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James Franck

James Franck (1882-1964) was a German physicist and winner of the 1925 Nobel Prize for Physics.  

During the Manhattan Project, Franck served as Director of the Chemistry Division of the University of Chicago's Metallurgical Laboratory.  

He also served as chairman of the Committee on Political and Social Problems regarding the atomic bomb. The product of this committee was the Franck Report, released June 11, 1945, which recommended an open demonstration of the atomic bomb’s power in an uninhabited locality rather than dropping the bomb on Japanese cities.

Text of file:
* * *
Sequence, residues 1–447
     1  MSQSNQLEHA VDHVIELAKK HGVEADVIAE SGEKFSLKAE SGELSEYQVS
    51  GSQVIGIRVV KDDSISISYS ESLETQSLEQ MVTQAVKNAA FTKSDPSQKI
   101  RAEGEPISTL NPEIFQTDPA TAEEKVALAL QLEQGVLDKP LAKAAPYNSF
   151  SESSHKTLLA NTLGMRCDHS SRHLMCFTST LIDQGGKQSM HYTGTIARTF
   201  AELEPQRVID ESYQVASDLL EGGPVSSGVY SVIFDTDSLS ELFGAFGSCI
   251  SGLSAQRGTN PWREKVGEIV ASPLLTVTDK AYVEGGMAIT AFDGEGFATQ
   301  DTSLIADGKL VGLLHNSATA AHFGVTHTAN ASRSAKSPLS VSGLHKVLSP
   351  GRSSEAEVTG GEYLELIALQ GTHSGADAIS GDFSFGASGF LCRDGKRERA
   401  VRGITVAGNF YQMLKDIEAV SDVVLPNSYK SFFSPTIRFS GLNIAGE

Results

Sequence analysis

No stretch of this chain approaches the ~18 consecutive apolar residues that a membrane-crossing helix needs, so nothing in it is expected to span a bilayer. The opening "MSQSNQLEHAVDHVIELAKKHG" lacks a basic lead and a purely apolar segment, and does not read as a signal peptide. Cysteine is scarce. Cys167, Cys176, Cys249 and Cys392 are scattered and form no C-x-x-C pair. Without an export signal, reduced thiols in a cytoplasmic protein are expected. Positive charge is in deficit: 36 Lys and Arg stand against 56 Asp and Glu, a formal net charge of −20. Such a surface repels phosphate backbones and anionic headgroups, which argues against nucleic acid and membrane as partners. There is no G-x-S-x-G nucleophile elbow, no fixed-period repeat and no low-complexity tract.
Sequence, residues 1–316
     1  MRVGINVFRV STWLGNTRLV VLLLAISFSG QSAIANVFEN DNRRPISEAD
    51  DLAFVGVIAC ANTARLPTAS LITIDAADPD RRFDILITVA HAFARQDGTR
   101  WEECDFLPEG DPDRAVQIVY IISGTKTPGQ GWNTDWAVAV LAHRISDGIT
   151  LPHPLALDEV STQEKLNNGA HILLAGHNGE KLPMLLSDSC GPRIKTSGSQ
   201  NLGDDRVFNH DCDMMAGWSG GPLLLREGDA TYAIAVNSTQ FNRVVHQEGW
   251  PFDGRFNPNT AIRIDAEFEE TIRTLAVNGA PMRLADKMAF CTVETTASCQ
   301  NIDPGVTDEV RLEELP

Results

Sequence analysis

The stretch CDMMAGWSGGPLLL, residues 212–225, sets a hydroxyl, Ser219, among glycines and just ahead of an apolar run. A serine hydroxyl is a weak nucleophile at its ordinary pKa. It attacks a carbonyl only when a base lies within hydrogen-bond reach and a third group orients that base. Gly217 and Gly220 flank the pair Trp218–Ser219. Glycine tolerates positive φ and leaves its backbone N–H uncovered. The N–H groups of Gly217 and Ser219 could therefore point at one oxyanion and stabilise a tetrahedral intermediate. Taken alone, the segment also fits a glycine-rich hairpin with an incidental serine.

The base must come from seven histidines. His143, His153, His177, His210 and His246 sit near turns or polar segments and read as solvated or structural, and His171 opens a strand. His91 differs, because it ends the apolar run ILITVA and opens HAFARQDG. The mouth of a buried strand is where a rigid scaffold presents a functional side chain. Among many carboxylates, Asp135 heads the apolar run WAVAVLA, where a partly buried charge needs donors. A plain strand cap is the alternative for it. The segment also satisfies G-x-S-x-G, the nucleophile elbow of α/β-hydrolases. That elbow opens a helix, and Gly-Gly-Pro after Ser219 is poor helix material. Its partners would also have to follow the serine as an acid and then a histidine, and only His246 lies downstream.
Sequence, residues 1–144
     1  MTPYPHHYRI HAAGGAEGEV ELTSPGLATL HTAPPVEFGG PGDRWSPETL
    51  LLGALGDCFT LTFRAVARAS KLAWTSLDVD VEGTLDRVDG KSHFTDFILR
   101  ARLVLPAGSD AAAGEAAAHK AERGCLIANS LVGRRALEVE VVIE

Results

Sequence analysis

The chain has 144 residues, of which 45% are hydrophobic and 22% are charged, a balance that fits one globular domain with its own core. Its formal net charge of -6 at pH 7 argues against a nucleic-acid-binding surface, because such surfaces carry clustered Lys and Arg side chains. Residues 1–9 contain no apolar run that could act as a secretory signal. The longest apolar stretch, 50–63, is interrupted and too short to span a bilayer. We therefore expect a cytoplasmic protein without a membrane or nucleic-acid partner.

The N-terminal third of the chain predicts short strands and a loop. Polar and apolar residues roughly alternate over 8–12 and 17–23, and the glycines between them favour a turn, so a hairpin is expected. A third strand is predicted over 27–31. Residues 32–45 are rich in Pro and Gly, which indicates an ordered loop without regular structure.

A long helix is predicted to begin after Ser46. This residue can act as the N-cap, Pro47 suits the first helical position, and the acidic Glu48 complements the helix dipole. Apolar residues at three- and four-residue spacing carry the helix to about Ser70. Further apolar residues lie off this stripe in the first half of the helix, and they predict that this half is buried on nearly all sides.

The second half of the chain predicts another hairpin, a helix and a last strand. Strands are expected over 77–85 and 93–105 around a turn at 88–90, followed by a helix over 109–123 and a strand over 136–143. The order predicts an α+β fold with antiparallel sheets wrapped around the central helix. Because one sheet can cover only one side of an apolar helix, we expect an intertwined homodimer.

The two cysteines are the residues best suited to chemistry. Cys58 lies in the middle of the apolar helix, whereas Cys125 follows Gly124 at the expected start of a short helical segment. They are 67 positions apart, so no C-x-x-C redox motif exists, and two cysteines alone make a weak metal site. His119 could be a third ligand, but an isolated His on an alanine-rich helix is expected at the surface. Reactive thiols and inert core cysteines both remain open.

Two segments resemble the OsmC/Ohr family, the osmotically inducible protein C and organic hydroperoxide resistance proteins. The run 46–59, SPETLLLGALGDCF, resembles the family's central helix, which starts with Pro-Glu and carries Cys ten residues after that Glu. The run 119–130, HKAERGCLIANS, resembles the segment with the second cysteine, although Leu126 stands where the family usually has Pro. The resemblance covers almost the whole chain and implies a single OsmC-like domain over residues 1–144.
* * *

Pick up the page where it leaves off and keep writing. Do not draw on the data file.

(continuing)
Franck was upset by the use of the bombs and after the war switched fields and studied photosynthesis.


Scientific Contributions

He won the Nobel Prize in Physics for discovery of the laws governing the impact of electrons on atoms, which confirmed the Bohr model of the atom.

When Germany invaded Denmark in 1940, Hungarian chemist George de Hevesy dissolved the gold Nobel Prizes of Max von Laue and Franck in aqua regia to prevent the Nazis from taking them. After the war, the Nobel Society recast Franck and von Laue's awards from the solution.

James Franck's Timeline

  • 1917 While serving as a volunteer in the German Army, seriously injured in a gas attack. Awarded the Iron Cross 1st Class.
  • 1920 to 1933 Professor of Experimental Physics and Director of the Second Institute for Experimental Physics at the University of Göttingen.
  • 1925 Received the Nobel Prize in Physics.

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